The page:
Baloji: Finding A Home In His Music

Mar 27, 2012

Rapper Baloji was born in the Democratic Republic of Congo but raised in Belgium. He's built a reputation for incorporating Congolese music into his mix, though he mostly raps in French, his deep voice full of cocky brashness. You can catch his vibe without translation, but it's worth reading the liner notes to get his messages, as well. Baloji raps with brazen ease about the indignities of life as an African in Belgium, but also the tragic, bloody history of his homeland on his second album, Kinshasa Succursale.

In a busy New York subway station, a man serenades passersby with a beat-up guitar. A few of them look up from their BlackBerrys and toss a little change in his guitar case. It's a scene that plays out in subways and streets around the world.

(press photo) official website

Kate hosts Dar Williams at the Tupelo Music Hall in White River Junction, Vermont.

Few 20th century thinkers predicted the 21st century era of social media and the Internet better than Marshall McLuhan. Beginning in the 1960s, the Toronto-based philosopher and scholar began to theorize about how television and radio were changing society, creating what he termed the "global village."

From its start in the late '90s, Zieti faced tough odds. Arranging gigs in Abidjan, Ivory Coast was a high-risk, do-it-yourself affair for the band. And that was before the country underwent a military coup, a rigged election and a brush with civil war. Zemelewa was recorded by 15 musicians in four studios on two continents. For all that, you can sense the band's solidarity, as if merely making this record was an act of resistance.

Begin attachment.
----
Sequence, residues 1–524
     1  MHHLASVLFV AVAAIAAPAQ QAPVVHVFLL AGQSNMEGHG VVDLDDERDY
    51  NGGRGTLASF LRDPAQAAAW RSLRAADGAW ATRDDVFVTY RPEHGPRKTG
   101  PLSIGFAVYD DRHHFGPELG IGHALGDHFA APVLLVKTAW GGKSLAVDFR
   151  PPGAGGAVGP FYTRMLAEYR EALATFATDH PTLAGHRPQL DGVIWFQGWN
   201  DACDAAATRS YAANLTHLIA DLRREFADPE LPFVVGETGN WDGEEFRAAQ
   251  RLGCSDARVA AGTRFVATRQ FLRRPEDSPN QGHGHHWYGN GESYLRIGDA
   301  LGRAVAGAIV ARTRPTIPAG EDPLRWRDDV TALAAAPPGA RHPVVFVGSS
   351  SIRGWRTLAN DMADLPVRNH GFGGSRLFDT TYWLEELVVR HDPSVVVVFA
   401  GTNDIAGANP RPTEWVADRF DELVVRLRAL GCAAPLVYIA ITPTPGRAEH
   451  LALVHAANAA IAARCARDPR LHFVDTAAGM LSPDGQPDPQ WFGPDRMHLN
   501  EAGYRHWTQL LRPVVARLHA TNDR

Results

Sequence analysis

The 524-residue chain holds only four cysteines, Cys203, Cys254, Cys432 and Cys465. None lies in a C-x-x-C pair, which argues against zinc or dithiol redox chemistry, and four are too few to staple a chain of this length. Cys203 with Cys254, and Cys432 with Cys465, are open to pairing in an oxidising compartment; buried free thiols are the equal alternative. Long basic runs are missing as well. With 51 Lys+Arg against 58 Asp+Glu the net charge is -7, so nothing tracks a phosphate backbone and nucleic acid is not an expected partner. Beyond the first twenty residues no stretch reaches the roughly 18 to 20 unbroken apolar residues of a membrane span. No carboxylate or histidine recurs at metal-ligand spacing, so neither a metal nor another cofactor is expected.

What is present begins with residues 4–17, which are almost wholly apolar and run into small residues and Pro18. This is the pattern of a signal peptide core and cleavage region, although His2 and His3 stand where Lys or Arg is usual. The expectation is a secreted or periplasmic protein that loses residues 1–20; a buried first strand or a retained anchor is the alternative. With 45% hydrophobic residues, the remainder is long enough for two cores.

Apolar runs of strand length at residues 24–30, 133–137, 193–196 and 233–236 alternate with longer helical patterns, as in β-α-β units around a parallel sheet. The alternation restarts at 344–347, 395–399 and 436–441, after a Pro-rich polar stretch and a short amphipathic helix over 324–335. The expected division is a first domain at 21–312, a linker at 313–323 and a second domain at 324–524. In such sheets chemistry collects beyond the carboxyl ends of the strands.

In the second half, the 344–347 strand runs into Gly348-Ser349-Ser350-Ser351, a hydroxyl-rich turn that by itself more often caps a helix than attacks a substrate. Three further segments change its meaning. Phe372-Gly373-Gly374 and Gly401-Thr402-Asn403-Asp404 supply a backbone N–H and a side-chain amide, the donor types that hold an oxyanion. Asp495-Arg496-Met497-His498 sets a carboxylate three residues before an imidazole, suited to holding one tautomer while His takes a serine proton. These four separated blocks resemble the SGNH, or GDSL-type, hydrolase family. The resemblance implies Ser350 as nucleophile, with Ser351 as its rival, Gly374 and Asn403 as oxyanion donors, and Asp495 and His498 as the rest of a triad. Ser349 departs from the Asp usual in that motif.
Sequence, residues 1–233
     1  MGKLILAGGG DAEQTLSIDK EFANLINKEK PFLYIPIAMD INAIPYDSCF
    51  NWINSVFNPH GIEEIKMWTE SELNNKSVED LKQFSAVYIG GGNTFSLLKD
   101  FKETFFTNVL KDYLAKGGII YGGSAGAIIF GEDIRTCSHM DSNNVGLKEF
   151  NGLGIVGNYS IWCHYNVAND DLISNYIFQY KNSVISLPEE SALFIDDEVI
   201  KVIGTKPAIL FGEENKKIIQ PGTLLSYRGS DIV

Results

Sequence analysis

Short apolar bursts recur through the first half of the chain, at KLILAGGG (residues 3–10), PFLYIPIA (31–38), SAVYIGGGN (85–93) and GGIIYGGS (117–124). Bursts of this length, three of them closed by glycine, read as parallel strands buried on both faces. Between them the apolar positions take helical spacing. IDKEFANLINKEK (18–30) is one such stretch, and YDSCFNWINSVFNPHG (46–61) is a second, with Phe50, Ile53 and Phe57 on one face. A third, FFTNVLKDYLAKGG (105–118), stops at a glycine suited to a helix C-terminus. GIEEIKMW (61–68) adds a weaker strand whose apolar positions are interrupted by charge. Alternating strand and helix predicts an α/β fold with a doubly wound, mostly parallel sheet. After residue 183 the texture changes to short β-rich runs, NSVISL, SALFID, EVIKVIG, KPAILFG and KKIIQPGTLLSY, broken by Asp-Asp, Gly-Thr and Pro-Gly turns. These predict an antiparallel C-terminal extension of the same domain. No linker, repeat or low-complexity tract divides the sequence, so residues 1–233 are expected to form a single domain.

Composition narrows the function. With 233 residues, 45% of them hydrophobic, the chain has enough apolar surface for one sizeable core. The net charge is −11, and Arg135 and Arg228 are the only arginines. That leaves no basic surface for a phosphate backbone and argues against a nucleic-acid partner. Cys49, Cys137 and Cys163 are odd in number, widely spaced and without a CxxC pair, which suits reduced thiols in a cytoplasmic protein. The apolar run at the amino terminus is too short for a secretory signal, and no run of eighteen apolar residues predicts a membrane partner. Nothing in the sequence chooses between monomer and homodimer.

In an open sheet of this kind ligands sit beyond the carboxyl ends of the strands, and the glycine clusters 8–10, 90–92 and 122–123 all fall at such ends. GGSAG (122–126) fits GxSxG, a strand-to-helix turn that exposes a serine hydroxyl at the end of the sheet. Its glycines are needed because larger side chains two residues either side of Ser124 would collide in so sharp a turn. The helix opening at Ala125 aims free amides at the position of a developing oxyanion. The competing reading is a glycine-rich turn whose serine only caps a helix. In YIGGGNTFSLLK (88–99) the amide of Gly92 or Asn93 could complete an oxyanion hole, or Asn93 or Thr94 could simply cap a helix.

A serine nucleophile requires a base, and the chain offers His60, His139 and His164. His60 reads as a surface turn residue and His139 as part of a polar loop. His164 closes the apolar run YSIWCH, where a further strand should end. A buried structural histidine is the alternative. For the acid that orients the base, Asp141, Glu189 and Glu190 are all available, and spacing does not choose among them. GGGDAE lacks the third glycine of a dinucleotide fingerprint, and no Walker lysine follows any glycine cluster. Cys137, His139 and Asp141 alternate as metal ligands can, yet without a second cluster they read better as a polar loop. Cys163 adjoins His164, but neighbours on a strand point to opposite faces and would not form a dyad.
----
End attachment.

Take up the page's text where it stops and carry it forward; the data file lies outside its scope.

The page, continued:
Tanlines: Grown-Up Problems, With A Beat

Mar 19, 2012

Four years since they first began making music together, the Brooklyn-based duo Tanlines is finally releasing an album: Mixed Emotions, out tomorrow. The band is Eric Emm, who sings and plays guitar, and Jesse Cohen, who plays drums, keyboards and an assortment of electronic instruments. Cohen is also the chattier of the two.

"We use a lot of different drum kits that are in a computer," Cohen explains. "We also play a lot of stuff live, and a lot of time you can't really tell which is real and which is fake. That's sort of a thing that we like to play with."

Monadnock Chorus

Mar 17, 2012
Todd Bookman, NHPR

The Monadnock Chorus has been sharing song and creating community for more than 50 years. Phyllis Scott joined the chorus in 1972.

PHYLLIS: Wherever I have lived I’ve felt the need to be singing. It’s just very fulfilling to me, it’s a wonderful way to make friends and it’s just part of me that’s all.

The SXSW music convention takes over Austin, Texas, for five days each March. This year, NPR Music's Ann Powers is in Austin trying to catch as much of the action as she can. At South By Southwest's midpoint, Powers spoke to Morning Edition's Renee Montagne about the highlights so far (including that awesome Springsteen keynote, which you can listen to in its entirety), and what she's looking forward to seeing over the festival's second half.